I remember a few years ago when I was working for the magazine, I used to edit my own copies thrice after writing them. After which, I used to print a black and white dummy and proof-read the entire magazine. I corrected the pages on screen, and then took another colour printout and edited and proof-checked again. And before signing off the final dummy, I would read the entire magazine again till I had each headline, intro, and blurb at the back of my mind.
I was the butt of many jokes for my “perfectionist” attitude. Until it reached a stage where my boss actually told me, half in concern and the other half in exasperation, “Okay, Rekha, let a mistake go. Let’s see what happens when we have to print a corrigendum.”
That would perhaps have been an ultimate blow to the walls of perfectionism I built around me. So I read some more… till I was diagnosed with Generalised Anxiety Disorder.
With the death of Kate Spade last week, and Anthony Bourdain yesterday, one feels gutted, shortchanged, and helpless.
There’s so much we talk about mental health… yet the stigma remains. We are afraid to seek help… and give help.
I’ve spoken of my experiences with anxiety disorder and depression time and again, and I still get those surreptitious glances and fake smiles. A very good friend, who I reconnected with after 30 years just said, “Don’t tell me anything. You are okay now and it’s all that matters.”
Why don’t we want to talk or hear anything to do with mental illness? The most educated are perhaps the most ignorant.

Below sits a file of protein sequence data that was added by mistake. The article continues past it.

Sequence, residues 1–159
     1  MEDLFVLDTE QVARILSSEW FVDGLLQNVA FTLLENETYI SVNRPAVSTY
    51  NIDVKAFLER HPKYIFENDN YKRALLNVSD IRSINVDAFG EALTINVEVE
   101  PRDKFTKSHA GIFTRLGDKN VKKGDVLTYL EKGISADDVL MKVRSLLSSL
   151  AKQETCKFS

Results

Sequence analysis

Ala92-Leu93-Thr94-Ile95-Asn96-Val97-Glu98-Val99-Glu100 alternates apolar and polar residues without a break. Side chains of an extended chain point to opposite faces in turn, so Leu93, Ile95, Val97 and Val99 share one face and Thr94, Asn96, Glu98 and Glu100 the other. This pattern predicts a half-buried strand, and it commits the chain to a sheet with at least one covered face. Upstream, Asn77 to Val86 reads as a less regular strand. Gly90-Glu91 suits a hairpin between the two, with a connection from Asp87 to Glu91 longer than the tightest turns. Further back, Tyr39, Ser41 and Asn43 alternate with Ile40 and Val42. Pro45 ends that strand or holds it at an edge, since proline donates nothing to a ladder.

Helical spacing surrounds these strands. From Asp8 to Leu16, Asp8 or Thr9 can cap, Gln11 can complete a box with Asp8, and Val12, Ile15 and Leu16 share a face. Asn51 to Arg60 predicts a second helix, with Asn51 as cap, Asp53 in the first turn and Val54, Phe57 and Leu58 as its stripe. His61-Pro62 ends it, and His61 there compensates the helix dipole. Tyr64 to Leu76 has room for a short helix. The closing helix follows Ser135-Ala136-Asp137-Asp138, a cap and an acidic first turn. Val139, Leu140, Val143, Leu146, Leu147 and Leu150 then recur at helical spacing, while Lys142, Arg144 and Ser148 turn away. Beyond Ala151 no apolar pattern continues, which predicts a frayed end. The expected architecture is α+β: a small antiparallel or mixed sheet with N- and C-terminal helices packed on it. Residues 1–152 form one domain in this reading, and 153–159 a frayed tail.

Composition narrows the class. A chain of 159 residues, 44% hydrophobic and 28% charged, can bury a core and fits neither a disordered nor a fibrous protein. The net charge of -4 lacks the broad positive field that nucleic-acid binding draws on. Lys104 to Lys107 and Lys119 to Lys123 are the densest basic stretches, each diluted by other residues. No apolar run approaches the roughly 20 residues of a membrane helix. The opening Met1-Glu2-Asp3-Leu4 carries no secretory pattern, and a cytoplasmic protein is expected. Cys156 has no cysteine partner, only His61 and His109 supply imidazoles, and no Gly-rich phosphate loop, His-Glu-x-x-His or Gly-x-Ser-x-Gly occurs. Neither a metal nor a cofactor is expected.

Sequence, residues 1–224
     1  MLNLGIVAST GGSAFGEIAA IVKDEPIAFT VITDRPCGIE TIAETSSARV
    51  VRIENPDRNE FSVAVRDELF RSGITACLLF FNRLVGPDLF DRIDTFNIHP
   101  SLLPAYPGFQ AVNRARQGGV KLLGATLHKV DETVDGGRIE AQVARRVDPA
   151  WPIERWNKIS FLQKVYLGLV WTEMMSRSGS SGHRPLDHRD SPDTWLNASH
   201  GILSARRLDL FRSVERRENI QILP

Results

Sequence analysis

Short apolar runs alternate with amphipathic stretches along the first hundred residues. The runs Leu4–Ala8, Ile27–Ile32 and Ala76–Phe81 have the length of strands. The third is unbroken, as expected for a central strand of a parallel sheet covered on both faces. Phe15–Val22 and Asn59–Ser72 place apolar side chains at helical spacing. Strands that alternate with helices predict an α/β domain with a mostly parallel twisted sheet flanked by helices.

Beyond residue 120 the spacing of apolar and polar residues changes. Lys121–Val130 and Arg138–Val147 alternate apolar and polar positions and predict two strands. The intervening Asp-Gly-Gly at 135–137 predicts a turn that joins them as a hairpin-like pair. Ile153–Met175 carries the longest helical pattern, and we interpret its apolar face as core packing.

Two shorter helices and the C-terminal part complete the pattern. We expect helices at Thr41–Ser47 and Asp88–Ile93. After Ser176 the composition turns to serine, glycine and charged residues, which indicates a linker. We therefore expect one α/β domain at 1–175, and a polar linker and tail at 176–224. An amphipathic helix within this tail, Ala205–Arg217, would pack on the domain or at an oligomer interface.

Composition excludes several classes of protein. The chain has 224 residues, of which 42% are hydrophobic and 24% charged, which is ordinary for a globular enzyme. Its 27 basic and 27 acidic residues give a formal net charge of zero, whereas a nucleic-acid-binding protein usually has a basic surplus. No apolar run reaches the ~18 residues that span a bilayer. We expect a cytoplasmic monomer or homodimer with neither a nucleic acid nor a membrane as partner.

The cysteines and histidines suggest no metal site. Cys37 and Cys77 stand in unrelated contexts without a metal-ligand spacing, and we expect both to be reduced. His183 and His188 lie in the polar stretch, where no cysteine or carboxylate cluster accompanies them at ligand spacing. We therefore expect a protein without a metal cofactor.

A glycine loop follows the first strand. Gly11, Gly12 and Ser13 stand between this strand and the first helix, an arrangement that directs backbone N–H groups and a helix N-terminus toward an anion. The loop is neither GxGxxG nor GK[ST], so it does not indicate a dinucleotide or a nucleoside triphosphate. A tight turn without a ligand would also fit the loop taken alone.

The term “depression” is bandied about quite loosely. If you are sad, it does not mean you are depressed. Yes, if the sadness lingers and takes over your life, it’s time to ask for help. Look up terms like Generalised Anxiety Disorder, Borderline Personality Disorder, Bipolar Disorder, Schizophrenia… there are plenty of mental health disorders that affect people. You can’t simply wish them away by denying their existence.
What one can do is quite simple. Listen and observe your loved ones. Don’t judge them for what they are going through. If you are the person suffering, listen to yourself. Go to a professional for help. Understand that medicine and therapy go hand in hand. And no, you won’t get addicted to anti-depressants if you follow what your doctor says and she will help you to taper the dose whenever required. Incorporate exercise into your lifestyle. Get your doses of serotonin and dopamine by making some small changes.
No one said life is easy. It can be underwhelming, overwhelming, difficult and bizarre. It’s okay to feel what you are feeling.
There are helplines and organisations and some wonderful people who have made it their mental health their mission. Personally, I have been blessed to be a part of Sayyida Basma Al Said and Whispers of Serenity’s Not Alone Campaign in Muscat. Closer home, in Bengaluru, I know Nelson Moses’s Suicide Prevention Foundation of India is doing brilliant work in suicide prevention.
Remember, you are not alone. This is my promise… I may not be a counselor or therapist… but I will give you my patient ear, understanding and confidence.
I have been there… and that’s why I talk of depression, again and again.